I did a follow up Slow Motion Monday video:
In this episode oI talk about chord progressions and working on the ability to automatically go up and down a chord sequence (root, 1st inversion, 2nd inversion). As a companion to this episode you might find these two episodes helpful:
In this episode I talk about how to play a 4,3,2,1,2,3,4,3,2,1 pattern – a great basic exercise and good workout for the fingers!
In this episode of Harp Tuesday I take a look at pedal slides, an extended technique for harp that takes advantage of the sound created when we change the pedal of a still vibrating string. Two of the pieces that I talk about are Salzedo’s “La Desirade” and Andre Caplet’s 2nd Divertissement “a l’espagnole“.
We so often play chords with a break/roll, even if it’s very slight. It’s good to be able to play chords with every note sounding at the exact same time – here I offer a few thoughts on hand position and finger action when playing 4 finger solid chords.
Here’s a “Slow Motion Monday” video of me playing chords:
In this episode I have fun slowing down three short clips. To start is a look at a right hand scale, followed by the last page of Grandjany’s “Rhapsody”, and finally a short section from Anne Vanschothorst’s “A Bird Came Flying”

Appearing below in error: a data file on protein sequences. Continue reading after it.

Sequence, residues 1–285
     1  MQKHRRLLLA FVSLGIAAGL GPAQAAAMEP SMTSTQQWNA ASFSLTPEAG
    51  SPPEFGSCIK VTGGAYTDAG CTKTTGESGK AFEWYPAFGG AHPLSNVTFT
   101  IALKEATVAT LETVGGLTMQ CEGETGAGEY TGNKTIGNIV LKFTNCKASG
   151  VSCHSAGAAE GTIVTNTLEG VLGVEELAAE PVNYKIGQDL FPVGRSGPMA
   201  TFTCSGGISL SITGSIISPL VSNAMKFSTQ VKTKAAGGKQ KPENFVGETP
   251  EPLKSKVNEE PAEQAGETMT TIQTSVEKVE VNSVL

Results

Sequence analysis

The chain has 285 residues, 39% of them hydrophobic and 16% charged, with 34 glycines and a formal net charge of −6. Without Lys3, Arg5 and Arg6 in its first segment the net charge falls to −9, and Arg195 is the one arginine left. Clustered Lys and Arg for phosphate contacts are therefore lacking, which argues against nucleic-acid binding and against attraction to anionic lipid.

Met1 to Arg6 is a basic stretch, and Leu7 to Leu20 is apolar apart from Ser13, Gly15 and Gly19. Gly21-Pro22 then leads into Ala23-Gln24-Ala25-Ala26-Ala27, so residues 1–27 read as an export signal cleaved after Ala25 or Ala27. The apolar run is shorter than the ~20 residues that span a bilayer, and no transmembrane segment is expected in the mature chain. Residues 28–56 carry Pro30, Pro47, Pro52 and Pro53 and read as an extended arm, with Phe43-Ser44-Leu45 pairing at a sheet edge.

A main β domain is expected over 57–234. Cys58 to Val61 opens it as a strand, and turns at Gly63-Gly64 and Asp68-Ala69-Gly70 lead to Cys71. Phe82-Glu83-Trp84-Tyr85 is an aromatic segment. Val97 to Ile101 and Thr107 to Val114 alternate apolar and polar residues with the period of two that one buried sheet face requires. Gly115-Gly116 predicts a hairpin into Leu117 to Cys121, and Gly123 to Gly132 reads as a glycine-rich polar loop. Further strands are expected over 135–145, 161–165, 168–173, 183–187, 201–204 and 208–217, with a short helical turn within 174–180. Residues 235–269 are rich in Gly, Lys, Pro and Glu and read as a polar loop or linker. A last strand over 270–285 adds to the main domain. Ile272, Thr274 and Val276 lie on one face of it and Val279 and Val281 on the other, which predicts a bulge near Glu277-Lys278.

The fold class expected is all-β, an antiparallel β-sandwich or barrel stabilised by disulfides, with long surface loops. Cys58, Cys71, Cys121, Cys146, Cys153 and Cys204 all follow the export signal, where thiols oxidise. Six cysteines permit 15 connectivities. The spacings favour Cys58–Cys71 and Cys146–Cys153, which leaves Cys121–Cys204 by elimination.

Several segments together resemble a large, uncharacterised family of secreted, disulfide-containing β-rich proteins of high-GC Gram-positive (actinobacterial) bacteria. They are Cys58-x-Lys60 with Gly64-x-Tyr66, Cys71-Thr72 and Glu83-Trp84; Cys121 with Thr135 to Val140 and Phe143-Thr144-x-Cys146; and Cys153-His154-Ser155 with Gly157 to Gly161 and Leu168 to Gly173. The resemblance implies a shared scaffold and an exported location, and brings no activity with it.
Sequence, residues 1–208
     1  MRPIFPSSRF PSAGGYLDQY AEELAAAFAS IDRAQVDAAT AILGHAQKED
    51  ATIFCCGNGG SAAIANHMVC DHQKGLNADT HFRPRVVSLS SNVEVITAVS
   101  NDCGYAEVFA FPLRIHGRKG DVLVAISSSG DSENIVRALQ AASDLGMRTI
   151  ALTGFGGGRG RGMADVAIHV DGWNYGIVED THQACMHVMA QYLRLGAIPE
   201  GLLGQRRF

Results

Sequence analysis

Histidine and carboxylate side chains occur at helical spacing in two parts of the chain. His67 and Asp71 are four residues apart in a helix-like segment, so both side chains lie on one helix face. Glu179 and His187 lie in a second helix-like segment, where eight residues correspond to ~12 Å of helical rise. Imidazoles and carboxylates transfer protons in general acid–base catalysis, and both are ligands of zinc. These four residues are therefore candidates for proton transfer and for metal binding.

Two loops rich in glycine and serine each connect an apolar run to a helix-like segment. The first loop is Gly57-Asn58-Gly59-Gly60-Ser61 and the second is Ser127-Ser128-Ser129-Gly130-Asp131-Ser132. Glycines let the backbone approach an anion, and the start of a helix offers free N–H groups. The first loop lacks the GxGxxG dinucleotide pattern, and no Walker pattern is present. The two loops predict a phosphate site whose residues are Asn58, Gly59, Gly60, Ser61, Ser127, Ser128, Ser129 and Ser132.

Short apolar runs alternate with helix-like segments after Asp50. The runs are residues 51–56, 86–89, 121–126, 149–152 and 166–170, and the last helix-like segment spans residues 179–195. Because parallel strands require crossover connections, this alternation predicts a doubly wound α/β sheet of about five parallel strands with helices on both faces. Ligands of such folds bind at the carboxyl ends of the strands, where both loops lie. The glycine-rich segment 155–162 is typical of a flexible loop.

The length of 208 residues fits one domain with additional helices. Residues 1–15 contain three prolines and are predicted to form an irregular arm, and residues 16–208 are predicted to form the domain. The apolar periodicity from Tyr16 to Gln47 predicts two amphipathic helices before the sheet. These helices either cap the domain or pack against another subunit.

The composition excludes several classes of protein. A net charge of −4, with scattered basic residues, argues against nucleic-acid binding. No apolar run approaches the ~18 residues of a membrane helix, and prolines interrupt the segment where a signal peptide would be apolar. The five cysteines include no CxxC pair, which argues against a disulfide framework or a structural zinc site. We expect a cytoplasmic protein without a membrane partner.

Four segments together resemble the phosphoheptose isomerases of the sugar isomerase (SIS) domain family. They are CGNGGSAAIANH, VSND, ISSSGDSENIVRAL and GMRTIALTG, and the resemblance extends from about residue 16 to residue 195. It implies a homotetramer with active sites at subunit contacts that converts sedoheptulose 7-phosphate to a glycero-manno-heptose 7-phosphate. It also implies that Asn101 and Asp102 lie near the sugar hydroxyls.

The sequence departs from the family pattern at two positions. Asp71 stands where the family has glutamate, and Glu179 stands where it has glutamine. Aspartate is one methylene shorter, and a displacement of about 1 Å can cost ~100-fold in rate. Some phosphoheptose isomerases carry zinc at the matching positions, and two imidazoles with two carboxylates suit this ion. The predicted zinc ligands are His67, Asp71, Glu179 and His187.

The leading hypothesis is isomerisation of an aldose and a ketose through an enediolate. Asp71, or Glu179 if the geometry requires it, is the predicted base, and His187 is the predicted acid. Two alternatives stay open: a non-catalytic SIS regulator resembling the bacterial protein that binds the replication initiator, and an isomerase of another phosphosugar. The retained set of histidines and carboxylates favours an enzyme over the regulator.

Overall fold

In this episode of Harp Tuesday I take a close up look at playing a left hand pattern often referred to as an “Alberti Bass”. (For example, C, G, E, G, C, G, E, G, etc.)
From orchestral playing to harp ensembles to duets, playing with other people is a lot of fun! In this episode of Harp Tuesday I talk about two aspects of playing with others and give some specific exercises you can practice on your own.
A chord/jumping exercise! Download the free PDF here!
In this episode of Harp Tuesday I conclude a look at some of my favourite Etudes. I talk about Hasselmans “La Source” or “The Brook” and Felix Godefroid’s Etude de Concert.
Stay tuned at the end of the episode for a short bonus clip of the conclusion of the Godefroid etude.